Jeff, I think it was wise to not define what characterizes a legend. Each of us probably has a different viewpoint. I believe that you must consider how relevant one is to those around him and whether the public continues to recognize and value your contribution. Sting has proven that he continues to have something to say and people are listening. True, that legend was created as a front man for a legendary rock band, and he continues to pirate on that success with a huge reunion tour with the original Police members, and a current world tour with Paul Simon, where I suspect his set list will heavily rely on the De Do Do Da, and Roxanne.
Even through our few emails, we addressed qualities, good and bad, that make up legendary. Sting is know for crazy diets, yoga and weird sex. He has a castle a few miles from mystical stones in England. He sometimes writes weird music and plays crazy instruments. He appears on stage with Puff Daddy somehow producing a hit song while butchering one of The Police’s greatest hits. He tried to save the rain forest.
Taken all of this as a whole, Sting slowly becomes more than the front man of The Police. He’s pompous, arrogant, smug, confrontational, but weirdly talented and charismatic. He’s been on the world’s stage for over 35 years and is as easily recognizable any of the Beatles or the Stones.
In short, Gordon Matthew Thomas Sumner is legendary.
Mitch: I really feel like this is a very close race. But, as is my challenge, I will continue my argument that Sting has not quite done enough to enter into the pantheon of legends.
C. Smith brings up a good point. Had Sting continued on with The Police, or, for that matter, joined the dead-by-28 club, we would not be having this discussion. It is the culmination of what he’s done post-Police that has taken him from potential legend to run-of-the-mill pop celebrity.
I get it. It is hard as an aging artist to continually re-invent oneself to stay relevant. There are few who have done it successfully. I would argue David Bowie for one. Set aside a few questionable decisions like the Let’s Dance album and the movie Labyrinth, and we’re talking about a pretty legendary, on-going career.
I think Sting’s fatal flaw as a solo artist is his devotion to jazz music. By no fault of his own, the majority of the pop and rock listening public simply doesn’t like tunes that are too heavily jazz influenced. We are largely a three-chord society, love it or hate it. You start throwing in augmented-seventh chords, world instruments and 7/8 time signatures, and most people are running for the exits. Post-Police Sting loyalists may have purchased these albums, but I’m guessing that in large part they a) didn’t understand most of what was trying to be conveyed musically and b) overall, didn’t like them. I took the time to read the reviews of his last few albums, and they came with diminishing accolades. I, for one, commend Mr. Sumner for following his musical path, but while I respect it, I don’t think it allots him automatic legend status.
No offense, C. Smith, but when it comes to Sting’s acting career, I think you’re grasping at straws. Every musician thinks he can act, just like every actor thinks he’s a legitimate musician (Bruce Willis, Russell Crowe, Johnny Depp, etc. etc.*) Although, I will admit, Dune and Lock Stock are the shit.
As you said, I think the crux of this argument is how each of us defines a legend. In my opinion, a legend has a lasting impact on not only his/her peers and fans, but the music scene and generations that follow. There are plenty of artists that I adore uncontrollably that I don’t consider legends. Same as there are artist that I don’t like that I must admit are legends (i.e. Bob Dylan). I think the distinction truly is what defines a legend and what simply makes an artist an icon. In my opinion it’s lasting relevance. Example: Justin Bieber is a pop icon, but few would argue he will achieve legendary status.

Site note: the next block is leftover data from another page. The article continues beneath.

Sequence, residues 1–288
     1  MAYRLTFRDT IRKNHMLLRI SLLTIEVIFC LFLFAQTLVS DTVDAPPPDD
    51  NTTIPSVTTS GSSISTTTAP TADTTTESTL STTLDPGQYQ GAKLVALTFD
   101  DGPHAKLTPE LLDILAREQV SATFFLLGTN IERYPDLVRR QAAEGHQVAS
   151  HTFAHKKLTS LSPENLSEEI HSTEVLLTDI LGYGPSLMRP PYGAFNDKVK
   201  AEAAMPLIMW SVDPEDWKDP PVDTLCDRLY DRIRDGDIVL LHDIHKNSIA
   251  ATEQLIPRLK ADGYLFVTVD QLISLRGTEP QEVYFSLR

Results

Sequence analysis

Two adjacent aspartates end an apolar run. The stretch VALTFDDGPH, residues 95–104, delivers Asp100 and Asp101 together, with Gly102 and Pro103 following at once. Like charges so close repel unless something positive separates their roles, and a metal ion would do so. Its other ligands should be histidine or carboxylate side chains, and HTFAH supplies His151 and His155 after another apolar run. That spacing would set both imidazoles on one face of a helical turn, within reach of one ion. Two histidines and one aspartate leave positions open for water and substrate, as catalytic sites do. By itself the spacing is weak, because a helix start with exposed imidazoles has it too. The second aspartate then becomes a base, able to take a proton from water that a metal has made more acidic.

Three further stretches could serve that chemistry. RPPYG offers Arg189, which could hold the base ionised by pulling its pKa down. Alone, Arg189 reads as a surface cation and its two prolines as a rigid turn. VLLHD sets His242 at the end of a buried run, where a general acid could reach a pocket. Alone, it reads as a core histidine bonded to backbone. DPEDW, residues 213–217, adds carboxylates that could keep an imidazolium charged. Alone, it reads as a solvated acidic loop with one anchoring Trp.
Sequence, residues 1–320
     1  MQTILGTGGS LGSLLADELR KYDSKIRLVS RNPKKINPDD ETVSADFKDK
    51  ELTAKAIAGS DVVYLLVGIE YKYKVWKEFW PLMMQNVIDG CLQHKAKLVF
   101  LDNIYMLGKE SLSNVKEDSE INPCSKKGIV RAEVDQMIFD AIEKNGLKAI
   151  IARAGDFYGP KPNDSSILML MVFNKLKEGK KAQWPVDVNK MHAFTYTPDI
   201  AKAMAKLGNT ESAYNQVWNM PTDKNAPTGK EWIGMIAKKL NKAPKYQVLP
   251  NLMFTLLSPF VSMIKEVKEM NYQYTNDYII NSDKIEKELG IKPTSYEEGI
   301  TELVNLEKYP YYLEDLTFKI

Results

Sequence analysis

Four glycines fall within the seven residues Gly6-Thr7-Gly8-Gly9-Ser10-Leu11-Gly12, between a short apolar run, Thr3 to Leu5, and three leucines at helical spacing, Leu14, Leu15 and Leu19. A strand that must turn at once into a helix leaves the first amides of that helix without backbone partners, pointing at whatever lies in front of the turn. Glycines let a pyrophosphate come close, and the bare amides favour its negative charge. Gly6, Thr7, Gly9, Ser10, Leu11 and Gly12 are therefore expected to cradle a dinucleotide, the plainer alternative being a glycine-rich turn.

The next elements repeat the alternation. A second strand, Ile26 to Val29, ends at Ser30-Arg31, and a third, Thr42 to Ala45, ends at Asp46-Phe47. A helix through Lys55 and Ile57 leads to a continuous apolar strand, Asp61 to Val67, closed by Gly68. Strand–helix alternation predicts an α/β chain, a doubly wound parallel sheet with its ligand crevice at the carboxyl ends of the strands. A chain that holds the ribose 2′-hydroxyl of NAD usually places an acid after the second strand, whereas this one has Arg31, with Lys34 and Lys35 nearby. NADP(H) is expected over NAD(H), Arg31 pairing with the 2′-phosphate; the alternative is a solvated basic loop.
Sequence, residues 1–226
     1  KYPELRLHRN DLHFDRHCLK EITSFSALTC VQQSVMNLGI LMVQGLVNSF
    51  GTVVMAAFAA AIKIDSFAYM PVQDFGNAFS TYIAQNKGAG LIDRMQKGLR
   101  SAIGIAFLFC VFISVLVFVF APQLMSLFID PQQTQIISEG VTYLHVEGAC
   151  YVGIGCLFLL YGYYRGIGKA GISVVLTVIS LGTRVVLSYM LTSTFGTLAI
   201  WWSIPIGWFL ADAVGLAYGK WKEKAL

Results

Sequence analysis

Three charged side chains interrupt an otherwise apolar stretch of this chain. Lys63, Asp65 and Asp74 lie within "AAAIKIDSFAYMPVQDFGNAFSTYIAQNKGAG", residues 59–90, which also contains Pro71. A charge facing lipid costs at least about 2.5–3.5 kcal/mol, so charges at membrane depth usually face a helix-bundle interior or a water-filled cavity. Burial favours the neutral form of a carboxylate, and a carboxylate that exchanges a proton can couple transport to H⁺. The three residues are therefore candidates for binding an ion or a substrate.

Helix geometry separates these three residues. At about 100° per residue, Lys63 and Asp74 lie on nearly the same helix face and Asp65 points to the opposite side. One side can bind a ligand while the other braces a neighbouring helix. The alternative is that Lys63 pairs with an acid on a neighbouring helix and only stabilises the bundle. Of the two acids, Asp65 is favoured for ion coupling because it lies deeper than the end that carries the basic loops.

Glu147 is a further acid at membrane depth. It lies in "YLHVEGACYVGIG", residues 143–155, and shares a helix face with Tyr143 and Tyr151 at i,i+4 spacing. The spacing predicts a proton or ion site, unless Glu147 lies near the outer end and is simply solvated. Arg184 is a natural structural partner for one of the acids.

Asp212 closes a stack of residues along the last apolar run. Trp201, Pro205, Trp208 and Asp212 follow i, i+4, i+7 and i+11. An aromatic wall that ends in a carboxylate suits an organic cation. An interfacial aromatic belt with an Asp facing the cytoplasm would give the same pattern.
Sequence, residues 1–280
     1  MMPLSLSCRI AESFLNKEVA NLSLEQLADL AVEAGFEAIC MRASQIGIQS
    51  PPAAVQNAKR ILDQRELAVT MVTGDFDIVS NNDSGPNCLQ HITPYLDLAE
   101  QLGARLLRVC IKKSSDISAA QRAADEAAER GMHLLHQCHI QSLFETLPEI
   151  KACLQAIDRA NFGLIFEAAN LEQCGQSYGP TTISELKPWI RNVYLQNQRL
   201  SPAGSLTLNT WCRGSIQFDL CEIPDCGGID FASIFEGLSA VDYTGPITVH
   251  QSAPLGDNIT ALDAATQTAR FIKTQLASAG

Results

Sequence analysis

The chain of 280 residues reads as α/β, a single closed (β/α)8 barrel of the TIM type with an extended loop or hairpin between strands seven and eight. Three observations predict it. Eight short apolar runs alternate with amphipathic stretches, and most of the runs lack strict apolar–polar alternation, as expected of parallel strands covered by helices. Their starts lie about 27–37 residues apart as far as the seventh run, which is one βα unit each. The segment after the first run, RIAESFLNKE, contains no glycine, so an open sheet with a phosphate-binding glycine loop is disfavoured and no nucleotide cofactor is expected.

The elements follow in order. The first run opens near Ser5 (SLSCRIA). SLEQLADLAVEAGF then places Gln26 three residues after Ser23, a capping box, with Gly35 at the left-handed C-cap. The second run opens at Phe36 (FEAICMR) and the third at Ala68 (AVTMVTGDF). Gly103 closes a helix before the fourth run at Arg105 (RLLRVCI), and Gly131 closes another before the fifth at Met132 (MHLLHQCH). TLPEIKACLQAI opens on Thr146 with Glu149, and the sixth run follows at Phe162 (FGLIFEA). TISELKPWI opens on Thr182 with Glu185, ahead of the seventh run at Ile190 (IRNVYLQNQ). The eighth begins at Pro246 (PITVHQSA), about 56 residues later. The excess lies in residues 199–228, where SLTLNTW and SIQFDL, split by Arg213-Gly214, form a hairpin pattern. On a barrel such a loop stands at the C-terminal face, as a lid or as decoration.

I am definitely not suggesting that Sting and Bieber are in the same category, but I think this is an extreme example of how legends and icons differ. Personally, I consider Sting to be more of an icon of his era than a true, lasting legend.
Jeff (Judgement): I am going to start with some help from my friends at Merriam-Webster:
Icon – Noun – a person who is very successful and admired or an object of uncritical devotion
Legend – Noun – a famous or important person who is known for doing something extremely well
This is interesting. Not that I think these definitions are the end all be all, just a fun point to raise. Is Sting someone who is known for doing something extremely well or is he an object of uncritical devotion?
On to the debate at hand an my role as judge, jury and executioner. For starters I am not weighing much on Grammy nominations or wins. As this past year has shown U2 could basically release a record of Bono taking 12 dumps and it would get a Grammy nomination. Also, around the period when Sting was receiving these nominations the likes of Steve Winwood, Bruce Hornsby (solo), and Bobby McFarrin were winning big awards. That’s not exactly a murderers row.
Of all the arguments posted on this round I think Mitch makes a very interesting point that absent the Police how would people view Sting? I tend to agree his solo work merits the comparative likeness more to a Richard Marx (or gasp Kenny G or Michael Bolton) than say someone like his purple holiness Prince or David Booh-ie**. I see C. Smith’s point that people are still buying and listening to Sting, but does that qualify him for legendary status or does that make him merely iconic? A thin line to be sure, but an important one for purposes of this exercise.
For now I just judge round 2 and I think the weak link (as C. Smith put it) takes the round.
ROUND 2 – LAME.
*Eddie Murphy? He liked to party all the time, and gave us classic Rick James.
**See this post for more information